Tuesday, November 08, 2005

Sins - mortal and venial?

What is mortal sin and venial sin? I know what it is to the Roman Catholic church, but I didn't know that the confessional Lutheran church ascribed to this delineation. The WELS Q & A feature at WELS.net is helpful, as always. Here is a summary of answers that helped me to understand:

Question: I read the book, A Summary of Christian Doctrine, by Edward Koehler. It is very conservative Lutheran. In it, it does mention mortal and venial sin. Did the Lutherans acknowledge this at one time. I've learned to think that a sin is a sin, mortal or venial, greater or lesser. I've never thought of sins as some greater than the other. They're all damnable unless you repent. The Catholic church is heavy on the terminology of mortal and venial. If the Lutheran church acknowledges mortal and venial sin, is it referred to as mortal sin as being impenitence and venial sins as the sins Christians do commit but that they are forgiven because of faith?

Answer: Lutherans have historically used the terms "mortal" and "venial" in classifying sins, but define the terms differently than Roman Catholicism does. Edward Koehler, at this particular point, is quite brief and it is understandable that questions be asked and clarifications be sought.

Your comments and explanations are right on target. All sins we commit are worthy of death and mortal in that sense. They are also, because of Christ's work, fully forgivable and through faith are therefore venial. In classifying sins, therefore, we always refer to the spiritual state of the person who sins, not to the nature of the sin itself. "Mortal sins" are sins that are not accompanied by faith and forgiveness. So they are inseparable from spiritual death. "Venial sins" are those committed (in ignorance or weakness) by people who still possess saving faith and forgiveness.

Question: Lutheran theology, as I understand it, distinguishes between "willful" sins and sins of "weakness." Could you explain the distinction and provide some specific examples? Also, is faith lost only through willful sins?

Answer: Even though the Bible simply speaks about sin, we can make some distinctions. The first is to distinguish between voluntary and involuntary sins. An involuntary sin would include any of the following:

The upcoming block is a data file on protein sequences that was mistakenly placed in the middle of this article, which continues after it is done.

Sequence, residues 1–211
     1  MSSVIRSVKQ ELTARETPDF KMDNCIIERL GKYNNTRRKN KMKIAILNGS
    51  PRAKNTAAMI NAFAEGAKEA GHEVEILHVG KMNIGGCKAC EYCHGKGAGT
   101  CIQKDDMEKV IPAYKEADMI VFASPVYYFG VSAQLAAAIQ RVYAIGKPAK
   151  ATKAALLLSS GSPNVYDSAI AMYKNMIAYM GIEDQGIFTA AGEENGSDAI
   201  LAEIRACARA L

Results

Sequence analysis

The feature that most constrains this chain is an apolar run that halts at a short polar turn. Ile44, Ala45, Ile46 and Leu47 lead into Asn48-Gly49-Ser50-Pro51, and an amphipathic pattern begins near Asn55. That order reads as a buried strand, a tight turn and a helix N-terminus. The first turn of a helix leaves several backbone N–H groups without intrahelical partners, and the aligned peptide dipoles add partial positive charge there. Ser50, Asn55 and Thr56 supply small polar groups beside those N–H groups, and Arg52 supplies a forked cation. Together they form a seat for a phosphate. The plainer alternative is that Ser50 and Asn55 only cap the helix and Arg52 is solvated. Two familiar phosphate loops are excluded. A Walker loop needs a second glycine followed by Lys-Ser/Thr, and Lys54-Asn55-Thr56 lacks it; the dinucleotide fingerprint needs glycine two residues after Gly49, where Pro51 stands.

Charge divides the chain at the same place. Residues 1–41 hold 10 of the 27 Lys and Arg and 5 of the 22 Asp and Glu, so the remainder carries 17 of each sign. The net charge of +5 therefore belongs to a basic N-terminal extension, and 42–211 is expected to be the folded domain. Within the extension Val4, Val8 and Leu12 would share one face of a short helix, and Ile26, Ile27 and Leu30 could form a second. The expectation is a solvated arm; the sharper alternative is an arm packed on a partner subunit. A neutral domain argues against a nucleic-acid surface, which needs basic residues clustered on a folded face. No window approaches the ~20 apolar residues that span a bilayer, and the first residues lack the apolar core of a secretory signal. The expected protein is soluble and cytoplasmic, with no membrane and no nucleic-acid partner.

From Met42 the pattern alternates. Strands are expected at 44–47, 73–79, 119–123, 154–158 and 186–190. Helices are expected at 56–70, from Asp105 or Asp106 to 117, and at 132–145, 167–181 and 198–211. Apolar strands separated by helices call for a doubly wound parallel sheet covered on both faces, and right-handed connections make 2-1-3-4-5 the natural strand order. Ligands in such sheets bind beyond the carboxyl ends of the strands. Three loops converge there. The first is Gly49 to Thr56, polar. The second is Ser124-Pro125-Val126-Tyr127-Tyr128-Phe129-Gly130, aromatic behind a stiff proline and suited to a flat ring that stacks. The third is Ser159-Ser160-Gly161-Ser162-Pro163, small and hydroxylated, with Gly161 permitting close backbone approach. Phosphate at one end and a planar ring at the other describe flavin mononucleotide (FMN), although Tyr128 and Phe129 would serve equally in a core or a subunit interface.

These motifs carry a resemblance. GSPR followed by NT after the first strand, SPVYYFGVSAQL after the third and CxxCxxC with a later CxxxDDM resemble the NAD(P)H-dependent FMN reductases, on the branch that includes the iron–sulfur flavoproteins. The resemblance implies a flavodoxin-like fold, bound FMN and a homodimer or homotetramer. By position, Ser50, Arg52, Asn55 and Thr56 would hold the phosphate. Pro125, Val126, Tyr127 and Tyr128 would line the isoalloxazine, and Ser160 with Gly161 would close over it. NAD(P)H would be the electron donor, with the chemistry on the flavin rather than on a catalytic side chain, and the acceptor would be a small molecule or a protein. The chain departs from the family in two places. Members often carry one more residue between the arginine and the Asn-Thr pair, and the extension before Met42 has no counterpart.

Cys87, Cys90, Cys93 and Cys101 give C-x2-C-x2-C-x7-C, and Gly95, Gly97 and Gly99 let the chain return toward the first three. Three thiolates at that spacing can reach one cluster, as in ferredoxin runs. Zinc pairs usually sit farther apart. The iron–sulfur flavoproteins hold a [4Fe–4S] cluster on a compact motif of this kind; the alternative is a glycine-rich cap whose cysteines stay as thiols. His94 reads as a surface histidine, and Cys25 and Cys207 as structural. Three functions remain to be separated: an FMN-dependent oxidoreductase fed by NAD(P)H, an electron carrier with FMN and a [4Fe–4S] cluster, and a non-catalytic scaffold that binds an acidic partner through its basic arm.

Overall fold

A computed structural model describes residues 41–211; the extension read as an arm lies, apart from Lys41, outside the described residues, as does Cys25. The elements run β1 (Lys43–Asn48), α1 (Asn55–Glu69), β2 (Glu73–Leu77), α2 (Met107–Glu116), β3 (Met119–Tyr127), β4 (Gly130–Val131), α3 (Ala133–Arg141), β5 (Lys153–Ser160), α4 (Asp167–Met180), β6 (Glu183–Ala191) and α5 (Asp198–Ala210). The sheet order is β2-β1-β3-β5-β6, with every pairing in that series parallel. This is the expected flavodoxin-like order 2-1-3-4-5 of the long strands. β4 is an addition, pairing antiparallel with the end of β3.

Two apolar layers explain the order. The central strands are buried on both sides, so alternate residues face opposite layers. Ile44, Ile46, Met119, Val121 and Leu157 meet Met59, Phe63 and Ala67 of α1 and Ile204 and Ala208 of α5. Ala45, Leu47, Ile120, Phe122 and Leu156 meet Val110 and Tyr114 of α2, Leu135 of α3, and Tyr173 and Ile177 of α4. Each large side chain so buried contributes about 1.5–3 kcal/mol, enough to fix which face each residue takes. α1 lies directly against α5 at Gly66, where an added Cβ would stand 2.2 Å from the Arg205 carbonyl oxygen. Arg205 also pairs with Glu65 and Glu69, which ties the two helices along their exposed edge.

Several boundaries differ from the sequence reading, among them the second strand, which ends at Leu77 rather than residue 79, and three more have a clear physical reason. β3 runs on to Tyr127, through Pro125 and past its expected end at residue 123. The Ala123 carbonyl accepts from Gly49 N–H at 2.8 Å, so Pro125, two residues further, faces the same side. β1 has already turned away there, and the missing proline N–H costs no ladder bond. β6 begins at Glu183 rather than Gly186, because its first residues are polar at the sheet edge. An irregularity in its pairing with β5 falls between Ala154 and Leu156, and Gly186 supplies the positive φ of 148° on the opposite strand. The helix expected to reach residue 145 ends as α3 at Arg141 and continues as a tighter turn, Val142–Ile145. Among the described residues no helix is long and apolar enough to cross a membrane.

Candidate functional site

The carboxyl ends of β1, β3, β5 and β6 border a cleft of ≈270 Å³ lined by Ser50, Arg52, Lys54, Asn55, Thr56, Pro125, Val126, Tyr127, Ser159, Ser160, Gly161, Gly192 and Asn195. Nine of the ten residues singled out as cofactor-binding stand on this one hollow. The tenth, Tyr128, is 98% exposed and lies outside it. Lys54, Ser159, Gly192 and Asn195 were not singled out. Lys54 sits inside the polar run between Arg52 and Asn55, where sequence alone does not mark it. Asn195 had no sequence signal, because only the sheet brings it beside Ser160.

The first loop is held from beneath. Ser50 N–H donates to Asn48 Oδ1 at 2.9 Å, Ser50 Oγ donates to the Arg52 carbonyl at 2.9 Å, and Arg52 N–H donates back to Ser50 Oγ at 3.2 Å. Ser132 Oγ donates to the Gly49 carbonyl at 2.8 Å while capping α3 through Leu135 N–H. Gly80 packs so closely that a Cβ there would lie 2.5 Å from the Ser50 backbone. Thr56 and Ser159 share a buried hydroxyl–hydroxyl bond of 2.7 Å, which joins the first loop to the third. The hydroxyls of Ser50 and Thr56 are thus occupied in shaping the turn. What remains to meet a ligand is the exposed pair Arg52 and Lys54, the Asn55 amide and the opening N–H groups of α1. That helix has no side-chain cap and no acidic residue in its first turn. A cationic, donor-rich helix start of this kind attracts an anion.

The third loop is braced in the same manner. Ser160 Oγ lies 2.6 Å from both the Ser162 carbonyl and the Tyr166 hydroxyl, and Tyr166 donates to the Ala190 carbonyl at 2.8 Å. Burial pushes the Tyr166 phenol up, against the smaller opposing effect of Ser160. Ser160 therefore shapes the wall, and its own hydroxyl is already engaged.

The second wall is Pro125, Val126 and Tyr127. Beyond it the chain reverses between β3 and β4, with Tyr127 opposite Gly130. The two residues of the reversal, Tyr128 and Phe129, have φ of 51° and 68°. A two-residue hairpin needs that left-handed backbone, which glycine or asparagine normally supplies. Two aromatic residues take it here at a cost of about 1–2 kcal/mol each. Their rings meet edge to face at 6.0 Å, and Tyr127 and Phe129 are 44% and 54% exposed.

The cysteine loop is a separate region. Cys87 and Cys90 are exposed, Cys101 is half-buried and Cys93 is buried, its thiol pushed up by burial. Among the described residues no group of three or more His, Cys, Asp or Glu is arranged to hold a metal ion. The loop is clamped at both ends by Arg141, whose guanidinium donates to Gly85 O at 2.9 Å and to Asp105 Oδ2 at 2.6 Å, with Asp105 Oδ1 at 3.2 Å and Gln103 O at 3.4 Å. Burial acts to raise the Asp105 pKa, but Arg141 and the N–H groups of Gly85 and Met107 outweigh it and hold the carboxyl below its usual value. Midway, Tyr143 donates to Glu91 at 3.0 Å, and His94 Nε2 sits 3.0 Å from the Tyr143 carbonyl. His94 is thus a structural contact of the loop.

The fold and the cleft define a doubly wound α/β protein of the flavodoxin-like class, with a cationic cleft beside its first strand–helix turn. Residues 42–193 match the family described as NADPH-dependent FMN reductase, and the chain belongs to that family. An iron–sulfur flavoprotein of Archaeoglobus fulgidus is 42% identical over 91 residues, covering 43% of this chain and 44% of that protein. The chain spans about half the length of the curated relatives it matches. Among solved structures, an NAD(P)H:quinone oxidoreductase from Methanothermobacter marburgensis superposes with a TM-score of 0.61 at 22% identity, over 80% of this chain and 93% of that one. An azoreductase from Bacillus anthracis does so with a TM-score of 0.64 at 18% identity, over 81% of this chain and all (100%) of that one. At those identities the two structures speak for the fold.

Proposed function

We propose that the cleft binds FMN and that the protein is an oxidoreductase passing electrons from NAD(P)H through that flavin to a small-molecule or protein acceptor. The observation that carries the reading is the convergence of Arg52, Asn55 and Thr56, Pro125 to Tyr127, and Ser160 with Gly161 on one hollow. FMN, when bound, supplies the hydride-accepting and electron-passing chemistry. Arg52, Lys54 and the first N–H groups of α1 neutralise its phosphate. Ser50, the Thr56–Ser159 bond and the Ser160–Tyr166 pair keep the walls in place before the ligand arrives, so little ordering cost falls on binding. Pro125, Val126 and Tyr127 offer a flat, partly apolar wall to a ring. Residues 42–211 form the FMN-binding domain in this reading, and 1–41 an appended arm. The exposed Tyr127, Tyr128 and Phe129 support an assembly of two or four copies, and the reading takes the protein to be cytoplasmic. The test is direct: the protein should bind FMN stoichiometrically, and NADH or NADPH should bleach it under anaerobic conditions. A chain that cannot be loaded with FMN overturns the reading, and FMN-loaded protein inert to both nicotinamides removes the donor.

--sin of ignorance in general (Leviticus 4:2)
--sin of ignorance regarding God's will or law (1 Timothy 1:13)
--sin of ignorance where one is ignorant of the fact (Genesis 29:23,25)
--sin of ignorance where one has chosen to be ignorant (Isaiah 7:10-12)
--sin of ignorance where one has not chosen to be ignorant (Genesis 19:33)
--sin of weakness (Matthew 26:69-74)

When a person knows something is a sin and yet chooses to do it anyway, he is committing a voluntary sin. While it is not easy to determine how "willing" a person has to be in committing a certain sin before he falls from the faith, we could say that habitual, persistent voluntary sin may signal a fall from grace. King David (2 Samuel 11 & 12) would be an example of a willful sin. David had fallen from the faith. Fortunately the Lord sent the prophet Nathan to confront David with his sin. David confessed his sin and was forgiven.

Another helpful distinction is venial sins and mortal sins. A venial sin is not damning. This is the case not because it is less serious but because it has forgiveness connected to it. On the other hand a mortal sin is damning, not because it is so per se, but because it marks a loss of saving faith in Christ as Savior. Because a Christian is living in a state of forgiveness, every sin he or she commits is a venial sin. Likewise every sin an unbeliever commits--whether "big" or "small"--is a mortal sin because it is done in a state of unbelief. A believer's sin would be considered mortal only if it resulted in a fall from faith.

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